Our Opening Keynote Presenter is to be advised
Vicki Wade is a senior Noongar woman with over 40 years of experience in health at state and national levels. Vicki is a recipient of multiple national awards including the 2019 AHHA Sidney Sax medal and CSANZ Indigenous Health lifetime award for her contributions to Australian health services policy, delivery and research, particularly in relation to Indigenous heart health. Vicki is well known across Australia and is well respected for the work she has done in helping to close the gap. She sits on the National Close the Gap steering committee and a previous board member of the Congress of Aboriginal Nurses and Midwives.
Vicki sits on numerous national research projects providing a critical lens to the socio-cultural context with the aim to reduce research and evidence practice gaps. Vicki is a strong advocate for her people following her matriarchal lineage, Vicki’s grandmother was a healer and helped with the Noongar women in birthing on country in the mission and later reserves in south west of Perth, her mother was one of the first enrolled nurses in Perth and her daughter is carrying on the tradition as a doctor. Vicki hopes that the work she does will see her grandchildren have better opportunities that she and her family were afforded.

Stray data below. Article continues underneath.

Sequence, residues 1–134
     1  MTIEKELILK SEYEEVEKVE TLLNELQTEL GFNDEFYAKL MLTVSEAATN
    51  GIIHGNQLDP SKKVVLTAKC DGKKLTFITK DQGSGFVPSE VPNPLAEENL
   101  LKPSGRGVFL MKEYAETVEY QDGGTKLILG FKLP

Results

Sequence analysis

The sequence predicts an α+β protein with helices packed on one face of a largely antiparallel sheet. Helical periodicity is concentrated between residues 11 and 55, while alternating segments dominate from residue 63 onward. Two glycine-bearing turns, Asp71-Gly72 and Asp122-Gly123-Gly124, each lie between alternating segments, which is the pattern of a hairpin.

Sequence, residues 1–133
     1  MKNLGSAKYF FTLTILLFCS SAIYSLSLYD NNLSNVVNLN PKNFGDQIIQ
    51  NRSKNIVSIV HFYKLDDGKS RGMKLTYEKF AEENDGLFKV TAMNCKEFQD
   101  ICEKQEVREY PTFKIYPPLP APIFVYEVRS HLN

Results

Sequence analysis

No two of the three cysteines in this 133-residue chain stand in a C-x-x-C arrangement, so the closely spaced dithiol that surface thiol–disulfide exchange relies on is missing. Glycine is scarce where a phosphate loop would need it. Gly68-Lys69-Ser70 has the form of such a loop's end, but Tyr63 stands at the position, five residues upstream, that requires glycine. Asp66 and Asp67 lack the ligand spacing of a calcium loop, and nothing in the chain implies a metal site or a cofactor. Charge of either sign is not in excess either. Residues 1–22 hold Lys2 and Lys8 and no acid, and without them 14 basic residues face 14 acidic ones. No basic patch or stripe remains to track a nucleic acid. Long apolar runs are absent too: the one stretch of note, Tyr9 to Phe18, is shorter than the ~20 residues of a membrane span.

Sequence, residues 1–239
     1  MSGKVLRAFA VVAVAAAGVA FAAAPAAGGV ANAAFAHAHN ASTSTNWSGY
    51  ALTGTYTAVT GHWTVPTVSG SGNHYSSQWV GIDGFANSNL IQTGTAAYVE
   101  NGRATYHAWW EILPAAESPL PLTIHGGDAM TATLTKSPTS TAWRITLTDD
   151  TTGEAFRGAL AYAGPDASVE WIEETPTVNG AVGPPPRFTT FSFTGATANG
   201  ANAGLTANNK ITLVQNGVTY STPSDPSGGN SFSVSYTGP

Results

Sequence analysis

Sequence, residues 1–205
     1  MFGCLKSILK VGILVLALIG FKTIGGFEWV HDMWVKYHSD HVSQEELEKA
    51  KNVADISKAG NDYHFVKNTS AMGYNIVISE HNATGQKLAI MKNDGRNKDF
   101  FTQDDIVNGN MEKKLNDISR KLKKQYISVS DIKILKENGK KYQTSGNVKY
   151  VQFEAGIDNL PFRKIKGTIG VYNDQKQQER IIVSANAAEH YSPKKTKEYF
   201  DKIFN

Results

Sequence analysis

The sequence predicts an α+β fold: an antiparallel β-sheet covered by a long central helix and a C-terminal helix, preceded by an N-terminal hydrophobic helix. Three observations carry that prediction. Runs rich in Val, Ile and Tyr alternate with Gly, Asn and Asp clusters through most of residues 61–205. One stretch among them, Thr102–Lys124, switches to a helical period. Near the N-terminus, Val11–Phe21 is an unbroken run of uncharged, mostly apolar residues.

Kabay Tamu is a sixth-generation Warraberalgal Traditional Owner, living on Warraber Island in the Torres Strait. He is one of the claimants from the Torres Strait 8 case, where eight Traditional Owners from the Torres Strait have made a landmark human rights complaint to the United Nations over climate change.
Kabay attracted international headlines when he asked Prime Minister Scott Morrison to visit Warraber during the 2019 UN climate summit in New York. The Prime Minister declined Kabay’s invitation to see climate impacts in the Torres Strait. Kabay is an advocate for Torres Strait’s fight for climate justice through the ‘Our Islands Our Home’ campaign.
Michelle is the CEO for One Disease. She is a registered Nurse Midwife with over 25 years’ experience conducting health programs, which focus on good clinical outcomes and the social determinants of health. The main focus of Michelle’s work has been with remote Indigenous communities and other large Indigenous health services throughout Australia both in research and service delivery. She lived and worked on Elcho Island for many years.
Michelle has a strong background and understanding of Continuous Quality Improvement (CQI) in Indigenous Primary Healthcare, both in research and service delivery. From 2003 until 2008, Michelle was the Project Manager for the Audit and Best Practice in Chronic Disease (ABCD) research project. This project played a pivotal role in the on-going CQI Strategy for the Northern Territory.
In 2006 she completed her Master’s in Public Health at Charles Darwin University. Her treatise topic – “Factors Affecting Uptake of CQI. Exploring how to embed processes for sustainability” clearly reflects the way Michelle works in practice. She continues to be actively involved with research and contributes to peer reviewed publications.
Michelle began working for One Disease in 2016 and was responsible for writing the One Disease Crusted Scabies Elimination Plan. In 2019, she was awarded the Northern Territory Administrator’s Medal (Individual Category) in Primary Health Care.